Eighteen excavation squares and nine half squares were opened, revealing eleven kurkar-hewn tombs, a single one of which was excavated (Tomb K; Fig. 1). This was a haphazardly hewn burial complex, wherein the ceiling of the main chamber collapsed a long time ago. A recess in the northern wall and the remains of a step below it probably alludes to the tomb’s entrance that led to the main chamber. West of the entrance was a hewn kokh and three kokhim were hewn in the southern wall, opposite the entrance. Two arcosolia with a vaulted ceiling were exposed on either side of the hall. The kokhim and arcosolia were excavated to an elevation of 0.2 m above the kurkar floor, so as not to disturb any human remains.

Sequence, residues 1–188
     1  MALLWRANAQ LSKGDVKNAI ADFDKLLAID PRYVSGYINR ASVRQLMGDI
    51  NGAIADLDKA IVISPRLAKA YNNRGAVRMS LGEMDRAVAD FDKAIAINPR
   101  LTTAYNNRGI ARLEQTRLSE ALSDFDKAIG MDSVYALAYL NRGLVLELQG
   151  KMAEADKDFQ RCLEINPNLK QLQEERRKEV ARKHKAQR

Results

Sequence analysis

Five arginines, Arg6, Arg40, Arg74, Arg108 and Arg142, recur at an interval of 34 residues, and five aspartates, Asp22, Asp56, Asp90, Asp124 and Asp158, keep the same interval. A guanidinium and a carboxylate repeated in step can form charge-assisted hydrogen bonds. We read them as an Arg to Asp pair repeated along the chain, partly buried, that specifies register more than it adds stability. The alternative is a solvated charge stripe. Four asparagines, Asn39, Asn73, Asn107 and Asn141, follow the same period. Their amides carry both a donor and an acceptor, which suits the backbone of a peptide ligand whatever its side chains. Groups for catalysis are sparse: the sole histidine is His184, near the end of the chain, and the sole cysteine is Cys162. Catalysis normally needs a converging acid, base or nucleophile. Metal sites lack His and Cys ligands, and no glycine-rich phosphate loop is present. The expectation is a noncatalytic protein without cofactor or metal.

Bottles and plastic bags from the 1980s in the tomb indicate that the complex was either excavated or plundered in the past (no documentation was traced). Poorly preserved and non-articulated osteological remains were found in the tomb. These represented at least four individuals, three adults (one 18–25 years of age) and one child.
The area of the excavation undoubtedly lays within the limits of the Jewish cemetery, which is dated to the fourth–fifth centuries CE. Although no evidence to date the cave was found, the quarrying style resembles that of Roman- and Byzantine-period tombs known from previous excavations at the site.